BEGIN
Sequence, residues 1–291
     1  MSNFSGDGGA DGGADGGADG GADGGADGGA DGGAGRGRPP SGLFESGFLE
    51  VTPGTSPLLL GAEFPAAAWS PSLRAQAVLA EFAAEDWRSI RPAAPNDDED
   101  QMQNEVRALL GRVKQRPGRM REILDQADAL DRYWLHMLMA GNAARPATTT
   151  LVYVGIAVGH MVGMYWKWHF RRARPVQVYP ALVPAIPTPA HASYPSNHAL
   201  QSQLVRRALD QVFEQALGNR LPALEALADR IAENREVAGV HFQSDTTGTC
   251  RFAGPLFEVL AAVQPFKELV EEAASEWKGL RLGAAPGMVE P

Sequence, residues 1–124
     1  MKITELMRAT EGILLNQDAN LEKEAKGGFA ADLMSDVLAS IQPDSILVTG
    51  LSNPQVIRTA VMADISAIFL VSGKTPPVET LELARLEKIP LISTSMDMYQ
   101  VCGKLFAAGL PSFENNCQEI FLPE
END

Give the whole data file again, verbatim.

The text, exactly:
Sequence, residues 1–291
     1  MSNFSGDGGA DGGADGGADG GADGGADGGA DGGAGRGRPP SGLFESGFLE
    51  VTPGTSPLLL GAEFPAAAWS PSLRAQAVLA EFAAEDWRSI RPAAPNDDED
   101  QMQNEVRALL GRVKQRPGRM REILDQADAL DRYWLHMLMA GNAARPATTT
   151  LVYVGIAVGH MVGMYWKWHF RRARPVQVYP ALVPAIPTPA HASYPSNHAL
   201  QSQLVRRALD QVFEQALGNR LPALEALADR IAENREVAGV HFQSDTTGTC
   251  RFAGPLFEVL AAVQPFKELV EEAASEWKGL RLGAAPGMVE P

Sequence, residues 1–124
     1  MKITELMRAT EGILLNQDAN LEKEAKGGFA ADLMSDVLAS IQPDSILVTG
    51  LSNPQVIRTA VMADISAIFL VSGKTPPVET LELARLEKIP LISTSMDMYQ
   101  VCGKLFAAGL PSFENNCQEI FLPE